A person in profile wears a surgical mask and holds a toothbrush up to a computer monitor. The person holding the toothbrush also wears a headset.

Occupational Therapist Amanda Frank uses a toothbrush while working virtually with a patient in the COVID unit.

Speech, occupational and physical therapists all treat patients using telehealth to help preserve the supplies of PPE and prevent the spread of the virus. The jobs require close proximity, and hands on arms, feet and faces.

Caregility, they say, has been a godsend for patients and therapists alike, but it’s not without limitations. Acoustics are a challenge. Speech-Language Pathologist Laura Nairns says the noise in negative-pressure rooms (areas designed to keep pathogens from filtering out) can make hearing patients whose vocal cords are recovering from weeks of disuse during intubation difficult.

Occupational Therapist Zahira Paul and Physical Therapist Carolyn Haggerty also say acoustical limitations must be overcome. Many COVID-19 patients are older and have hearing problems. It’s hard enough teaching someone to stand, walk, put on their clothes and eat again – how do you do it when you can’t hear one another?

At Penn State Health St. Joseph Medical Center, Physical Therapist Beverly Hamm developed a poster to communicate with a COVID-19 patient who has hearing and visual impairments and couldn’t use telehealth technology. The poster reminded the patient to perform exercises like knee bending and leg raises while confined to bed. It was simple but worked so well, the staff is putting similar posters in other rooms, said Lisa Zwierzyna, the hospital’s physical therapy manager.

“The therapy staff has really stepped up to get creative and give these new ideas a try,” she said, “even though, as therapists, it is not at all what we’re used to.”

A two-person operation

At Hershey Medical Center, telehealth therapy has largely evolved into a two-person operation. Using Caregility, the therapist communicates with the patient. Inside the patient’s room, another health care worker dressed in full PPE fills the missing physical gaps to help patients stand, communicate and heal.

Heather Hahn’s gloved hand holds the hand of someone in a hospital gown.

Physical Therapist Heather Hahn works with a patient in a Hershey COVID-19 unit.

Trust between therapist and nurse is key. “The nursing staff has been paramount,” Haggerty said. “We wouldn’t be able to do any of this without the sacrifices they are making so that other allied health staff don’t have to. It’s a really supportive group of nurses who work closely with us.”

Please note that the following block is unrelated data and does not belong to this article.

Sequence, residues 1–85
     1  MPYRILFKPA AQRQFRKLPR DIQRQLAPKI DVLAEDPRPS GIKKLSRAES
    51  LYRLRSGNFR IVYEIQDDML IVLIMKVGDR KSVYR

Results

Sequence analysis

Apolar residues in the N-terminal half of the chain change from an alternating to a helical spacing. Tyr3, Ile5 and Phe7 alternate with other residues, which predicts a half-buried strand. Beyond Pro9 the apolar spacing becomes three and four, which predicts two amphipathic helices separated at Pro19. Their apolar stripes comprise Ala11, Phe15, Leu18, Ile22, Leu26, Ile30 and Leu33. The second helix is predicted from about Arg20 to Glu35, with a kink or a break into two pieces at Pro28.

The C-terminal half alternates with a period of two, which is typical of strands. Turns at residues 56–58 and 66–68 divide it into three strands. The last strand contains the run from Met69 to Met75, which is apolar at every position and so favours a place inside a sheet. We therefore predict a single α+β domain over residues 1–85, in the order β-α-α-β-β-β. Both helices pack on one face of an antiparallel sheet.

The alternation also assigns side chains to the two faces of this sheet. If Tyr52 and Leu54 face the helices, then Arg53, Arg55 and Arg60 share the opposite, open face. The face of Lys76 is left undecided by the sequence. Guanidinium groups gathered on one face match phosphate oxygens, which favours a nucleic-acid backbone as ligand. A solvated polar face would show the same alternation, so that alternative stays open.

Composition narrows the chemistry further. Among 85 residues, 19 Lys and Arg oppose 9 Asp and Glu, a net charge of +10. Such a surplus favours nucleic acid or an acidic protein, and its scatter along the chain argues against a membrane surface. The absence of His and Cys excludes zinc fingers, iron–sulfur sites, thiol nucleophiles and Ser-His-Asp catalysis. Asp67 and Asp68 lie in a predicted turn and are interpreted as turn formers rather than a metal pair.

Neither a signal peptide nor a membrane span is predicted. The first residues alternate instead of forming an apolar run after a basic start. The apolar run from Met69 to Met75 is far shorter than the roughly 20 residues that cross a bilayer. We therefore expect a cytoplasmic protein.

Therapists say using the system has required them to focus on one element of their care at a time. Rather than running down a list of requirements in one session, they might focus on one movement, given the limitation. What they’ve learned might be useful when the pandemic ends, enabling them to offer more and better care at home.

“It has been an amazing resource for us to have at this time,” Nairns said. “It’s also an amazing resource for patients.”

However, Nairns and other therapists say there’s no substitute for doing their jobs in person.

Faith plays a role

Miller Cooley also would rather visit Aims in person, but Caregility offers her the next best thing. Aims asks the chaplain to pray with her, and Miller Cooley obliges.

“Lord … wrap your loving arms around Mary Louise,” she prays, “and give her comfort and give her peace. Allow her to know that you’ve sent these doctors and nurses just for her, Lord.”

The internet connection is saving both women.

Aims has been hospitalized for congestive heart failure. Given her immune system’s vulnerability, protecting her from COVID-19 is high on everyone’s mind.

Miller Cooley has sarcoidosis, an inflammatory disease that has caused her lungs to be riddled with scar tissue. As much as she’d like to visit patients, she has been warned that her condition causes her to be more susceptible to the virus’ life-threatening effects.

Miller Cooley hasn’t let sarcoidosis stop her, and telehealth has allowed her to continue administering care. But she believes that more than technology and Hershey Medical Center’s foresight are allowing her to continue to deliver comfort.

“I feel my faith has protected me,” she said.